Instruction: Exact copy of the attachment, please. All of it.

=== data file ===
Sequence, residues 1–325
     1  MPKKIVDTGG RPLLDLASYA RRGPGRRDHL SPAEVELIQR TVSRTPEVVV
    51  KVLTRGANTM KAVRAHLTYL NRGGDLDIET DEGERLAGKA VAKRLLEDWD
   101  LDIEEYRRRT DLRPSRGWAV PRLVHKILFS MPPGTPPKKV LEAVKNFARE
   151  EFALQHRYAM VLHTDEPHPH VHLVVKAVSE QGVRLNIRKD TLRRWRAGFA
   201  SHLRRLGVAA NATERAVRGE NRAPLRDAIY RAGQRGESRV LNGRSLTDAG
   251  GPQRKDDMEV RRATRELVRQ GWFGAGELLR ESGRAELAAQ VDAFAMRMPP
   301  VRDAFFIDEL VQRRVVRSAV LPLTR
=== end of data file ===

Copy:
Sequence, residues 1–325
     1  MPKKIVDTGG RPLLDLASYA RRGPGRRDHL SPAEVELIQR TVSRTPEVVV
    51  KVLTRGANTM KAVRAHLTYL NRGGDLDIET DEGERLAGKA VAKRLLEDWD
   101  LDIEEYRRRT DLRPSRGWAV PRLVHKILFS MPPGTPPKKV LEAVKNFARE
   151  EFALQHRYAM VLHTDEPHPH VHLVVKAVSE QGVRLNIRKD TLRRWRAGFA
   201  SHLRRLGVAA NATERAVRGE NRAPLRDAIY RAGQRGESRV LNGRSLTDAG
   251  GPQRKDDMEV RRATRELVRQ GWFGAGELLR ESGRAELAAQ VDAFAMRMPP
   301  VRDAFFIDEL VQRRVVRSAV LPLTR